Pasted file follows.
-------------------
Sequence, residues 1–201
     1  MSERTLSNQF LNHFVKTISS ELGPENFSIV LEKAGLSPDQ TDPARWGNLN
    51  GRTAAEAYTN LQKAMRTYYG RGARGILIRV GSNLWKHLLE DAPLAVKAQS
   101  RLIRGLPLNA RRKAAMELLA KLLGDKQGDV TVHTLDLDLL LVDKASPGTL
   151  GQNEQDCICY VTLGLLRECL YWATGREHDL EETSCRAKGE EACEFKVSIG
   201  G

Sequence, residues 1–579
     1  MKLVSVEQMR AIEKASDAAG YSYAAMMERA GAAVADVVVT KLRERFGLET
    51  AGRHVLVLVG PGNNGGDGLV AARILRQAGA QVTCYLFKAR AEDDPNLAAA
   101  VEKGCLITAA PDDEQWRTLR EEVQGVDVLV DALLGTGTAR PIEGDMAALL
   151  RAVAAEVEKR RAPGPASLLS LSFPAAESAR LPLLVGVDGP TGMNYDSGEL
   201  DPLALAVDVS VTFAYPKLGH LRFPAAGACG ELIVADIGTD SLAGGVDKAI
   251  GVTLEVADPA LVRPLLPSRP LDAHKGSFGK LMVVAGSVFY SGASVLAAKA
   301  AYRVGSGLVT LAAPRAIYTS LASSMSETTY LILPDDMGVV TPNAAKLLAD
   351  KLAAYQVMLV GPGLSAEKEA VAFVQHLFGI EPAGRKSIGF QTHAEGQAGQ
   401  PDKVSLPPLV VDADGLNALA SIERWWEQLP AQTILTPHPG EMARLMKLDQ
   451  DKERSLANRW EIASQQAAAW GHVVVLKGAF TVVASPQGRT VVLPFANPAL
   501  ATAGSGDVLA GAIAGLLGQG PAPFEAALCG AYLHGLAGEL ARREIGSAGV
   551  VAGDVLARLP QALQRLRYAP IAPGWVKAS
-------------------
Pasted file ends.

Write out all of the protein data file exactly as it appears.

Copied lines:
Sequence, residues 1–201
     1  MSERTLSNQF LNHFVKTISS ELGPENFSIV LEKAGLSPDQ TDPARWGNLN
    51  GRTAAEAYTN LQKAMRTYYG RGARGILIRV GSNLWKHLLE DAPLAVKAQS
   101  RLIRGLPLNA RRKAAMELLA KLLGDKQGDV TVHTLDLDLL LVDKASPGTL
   151  GQNEQDCICY VTLGLLRECL YWATGREHDL EETSCRAKGE EACEFKVSIG
   201  G

Sequence, residues 1–579
     1  MKLVSVEQMR AIEKASDAAG YSYAAMMERA GAAVADVVVT KLRERFGLET
    51  AGRHVLVLVG PGNNGGDGLV AARILRQAGA QVTCYLFKAR AEDDPNLAAA
   101  VEKGCLITAA PDDEQWRTLR EEVQGVDVLV DALLGTGTAR PIEGDMAALL
   151  RAVAAEVEKR RAPGPASLLS LSFPAAESAR LPLLVGVDGP TGMNYDSGEL
   201  DPLALAVDVS VTFAYPKLGH LRFPAAGACG ELIVADIGTD SLAGGVDKAI
   251  GVTLEVADPA LVRPLLPSRP LDAHKGSFGK LMVVAGSVFY SGASVLAAKA
   301  AYRVGSGLVT LAAPRAIYTS LASSMSETTY LILPDDMGVV TPNAAKLLAD
   351  KLAAYQVMLV GPGLSAEKEA VAFVQHLFGI EPAGRKSIGF QTHAEGQAGQ
   401  PDKVSLPPLV VDADGLNALA SIERWWEQLP AQTILTPHPG EMARLMKLDQ
   451  DKERSLANRW EIASQQAAAW GHVVVLKGAF TVVASPQGRT VVLPFANPAL
   501  ATAGSGDVLA GAIAGLLGQG PAPFEAALCG AYLHGLAGEL ARREIGSAGV
   551  VAGDVLARLP QALQRLRYAP IAPGWVKAS